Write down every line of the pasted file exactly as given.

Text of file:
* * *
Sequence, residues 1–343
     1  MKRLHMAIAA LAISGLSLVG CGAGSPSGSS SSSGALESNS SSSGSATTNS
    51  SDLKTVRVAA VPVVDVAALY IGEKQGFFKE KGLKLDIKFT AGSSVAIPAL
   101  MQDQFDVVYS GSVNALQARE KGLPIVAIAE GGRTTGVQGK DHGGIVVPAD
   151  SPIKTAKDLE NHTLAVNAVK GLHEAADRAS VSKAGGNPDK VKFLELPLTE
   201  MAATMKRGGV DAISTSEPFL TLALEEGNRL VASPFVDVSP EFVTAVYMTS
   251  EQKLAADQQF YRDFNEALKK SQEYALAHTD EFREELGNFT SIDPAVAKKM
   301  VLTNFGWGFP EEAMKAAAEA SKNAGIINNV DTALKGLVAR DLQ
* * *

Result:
Sequence, residues 1–343
     1  MKRLHMAIAA LAISGLSLVG CGAGSPSGSS SSSGALESNS SSSGSATTNS
    51  SDLKTVRVAA VPVVDVAALY IGEKQGFFKE KGLKLDIKFT AGSSVAIPAL
   101  MQDQFDVVYS GSVNALQARE KGLPIVAIAE GGRTTGVQGK DHGGIVVPAD
   151  SPIKTAKDLE NHTLAVNAVK GLHEAADRAS VSKAGGNPDK VKFLELPLTE
   201  MAATMKRGGV DAISTSEPFL TLALEEGNRL VASPFVDVSP EFVTAVYMTS
   251  EQKLAADQQF YRDFNEALKK SQEYALAHTD EFREELGNFT SIDPAVAKKM
   301  VLTNFGWGFP EEAMKAAAEA SKNAGIINNV DTALKGLVAR DLQ